Really enjoyed this, was just perfect for me at the moment! I tend to like writing with lots of detail, more often than not, and this had that in a waReally enjoyed this, was just perfect for me at the moment! I tend to like writing with lots of detail, more often than not, and this had that in a way that totally fit for me. Also great characterizations, interesting plot, a current story and lots of historical context filled in slowly in a way that really worked for me. It's also very visual, and I really liked that. I liked the map, I was visualizing scenes much more distinctly than I usually do while reading. If this sort of content often works for you as well, I'd highly recommend it! -------- Layers are one of the main thing I love about this book. There are layers of snow falling over everything on the small island of San Piedro, just east of Washington State, where this story is set. And this story is nominally about a murder trial, but that is only the most superficial layer. It is actually about what is involved in being human and having experiences and being shaped by those experiences.
How much can a person resist the effects of what happens to them, and how much is the impact of life on each person out of our control?
Race identity and race consciousness are the main vehicle for exploration of these questions.
Set in 1954, this story includes information about two main sets of people on this island - the white population and the Japanese population. Through extensive narrative on the past - mainly through the eyes of Ishmael Chambers, the one-armed newspaper man - we see the macro life of the island move forward over the decades. And we see in particular detail the period around the bombing of Pearl Harbor - which prompted an amount of hysteria against the Japanese community. The result of that hysteria was the internment of that population - that entire population, from this island - for a period. Which is something I hadn’t known too much about, was great to learn more. And then this novel’s main storyline - about a purchase of property by a Japanese family from a white family which was nearly concluded at the time of internment - is a personal layer woven into that historical reality.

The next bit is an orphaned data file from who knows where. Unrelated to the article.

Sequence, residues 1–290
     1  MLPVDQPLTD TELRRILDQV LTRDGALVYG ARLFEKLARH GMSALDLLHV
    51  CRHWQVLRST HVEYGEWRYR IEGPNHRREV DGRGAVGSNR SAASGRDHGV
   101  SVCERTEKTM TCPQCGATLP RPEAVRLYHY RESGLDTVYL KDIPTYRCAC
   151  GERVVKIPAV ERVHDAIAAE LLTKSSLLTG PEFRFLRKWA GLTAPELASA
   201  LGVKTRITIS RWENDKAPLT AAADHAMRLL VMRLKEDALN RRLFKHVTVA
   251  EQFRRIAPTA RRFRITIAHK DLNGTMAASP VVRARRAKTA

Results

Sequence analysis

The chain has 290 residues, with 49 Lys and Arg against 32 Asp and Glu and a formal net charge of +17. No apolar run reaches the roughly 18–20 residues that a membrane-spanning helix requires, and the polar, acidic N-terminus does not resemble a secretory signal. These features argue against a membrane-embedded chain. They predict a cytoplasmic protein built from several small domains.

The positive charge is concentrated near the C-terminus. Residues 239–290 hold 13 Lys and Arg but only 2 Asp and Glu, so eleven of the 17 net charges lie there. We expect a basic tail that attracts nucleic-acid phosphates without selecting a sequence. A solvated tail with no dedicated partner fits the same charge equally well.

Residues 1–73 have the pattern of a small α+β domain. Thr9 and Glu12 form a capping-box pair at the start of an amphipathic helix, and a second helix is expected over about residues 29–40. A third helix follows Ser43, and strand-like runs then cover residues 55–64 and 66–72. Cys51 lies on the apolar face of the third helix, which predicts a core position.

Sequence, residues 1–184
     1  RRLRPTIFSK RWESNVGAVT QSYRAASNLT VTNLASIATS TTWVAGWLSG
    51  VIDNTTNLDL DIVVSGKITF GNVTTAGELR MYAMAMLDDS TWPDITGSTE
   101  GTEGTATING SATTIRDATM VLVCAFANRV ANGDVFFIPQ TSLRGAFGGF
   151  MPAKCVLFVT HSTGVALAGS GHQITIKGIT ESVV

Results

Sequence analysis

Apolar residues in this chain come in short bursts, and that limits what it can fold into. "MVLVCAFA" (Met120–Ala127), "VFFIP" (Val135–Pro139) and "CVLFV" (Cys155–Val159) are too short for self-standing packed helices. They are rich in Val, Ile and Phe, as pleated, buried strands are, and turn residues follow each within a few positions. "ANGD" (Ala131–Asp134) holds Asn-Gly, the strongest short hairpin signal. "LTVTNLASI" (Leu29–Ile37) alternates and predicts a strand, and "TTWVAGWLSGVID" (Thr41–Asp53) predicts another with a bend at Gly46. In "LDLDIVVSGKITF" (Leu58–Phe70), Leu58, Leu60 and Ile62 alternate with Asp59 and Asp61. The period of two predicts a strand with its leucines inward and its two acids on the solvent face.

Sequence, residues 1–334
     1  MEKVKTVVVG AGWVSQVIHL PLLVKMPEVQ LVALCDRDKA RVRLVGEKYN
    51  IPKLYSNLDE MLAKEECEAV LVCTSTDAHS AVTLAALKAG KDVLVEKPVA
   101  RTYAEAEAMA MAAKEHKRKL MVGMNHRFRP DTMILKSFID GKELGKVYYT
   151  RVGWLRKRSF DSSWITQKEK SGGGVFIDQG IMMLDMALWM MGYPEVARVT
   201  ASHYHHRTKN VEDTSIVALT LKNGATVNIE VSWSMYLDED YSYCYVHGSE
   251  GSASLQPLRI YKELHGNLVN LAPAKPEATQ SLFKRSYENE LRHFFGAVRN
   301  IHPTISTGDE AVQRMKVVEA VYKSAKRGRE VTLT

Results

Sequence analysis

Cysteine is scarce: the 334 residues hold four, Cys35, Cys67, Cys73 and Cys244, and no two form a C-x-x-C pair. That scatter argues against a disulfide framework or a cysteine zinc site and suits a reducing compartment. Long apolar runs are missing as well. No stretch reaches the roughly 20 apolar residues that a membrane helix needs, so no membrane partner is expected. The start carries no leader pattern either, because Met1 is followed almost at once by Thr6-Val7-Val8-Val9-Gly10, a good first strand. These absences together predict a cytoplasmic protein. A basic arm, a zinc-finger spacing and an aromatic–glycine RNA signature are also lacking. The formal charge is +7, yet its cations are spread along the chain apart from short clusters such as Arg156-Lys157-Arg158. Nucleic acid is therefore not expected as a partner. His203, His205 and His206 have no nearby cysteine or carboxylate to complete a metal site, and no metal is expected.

The murder trial going on is that of Kabuo Miyamoto, who was the son of the man buying the property in question. He is accused of killing Carl Heine, the son of the man about the complete the sale when the internment took place. Carl was found dead on his fishing boat, and evidence (and racism) quickly directed attention to Kabuo. Kabuo is married to Hatsue, a woman of striking beauty. Hatsue and Ishmael had been close childhood friends, and were just at the threshold of becoming sexual when the internment took place. Ishmael remained completely enraptured with Hatsue yet to the current time, and plays a pivotal role in the trial as an outcome of that love.
Betrayal, jealousy, passion, racism, and other human intensities are woven into this community’s life on this small island that is built on fishing and tightly-wound relationships. I adore the details at the various levels - from the actual battlefield experiences of Ishmael in Japan to the internment camp to the fishing boats to the trial to the minute effects of the huge snowstorm that hits the island during the trial to the intimate human interaction details. And great enveloping read! ...more
Just watched 'the Take,' awesome work on a really exciting set of happenings: the rebuilding of Argentina by the workers via 'recovered' factories, afJust watched 'the Take,' awesome work on a really exciting set of happenings: the rebuilding of Argentina by the workers via 'recovered' factories, after its collapse due to globalization. Must read this! This is written by one of the guys on the crew for the film. They taped 200 hours worth of footage. Amazing. Must also truly actually read shock doctrine now. I didn't realize watching the film that it was Naomi Klein, that that was her throughout it all. So, that's that, now....more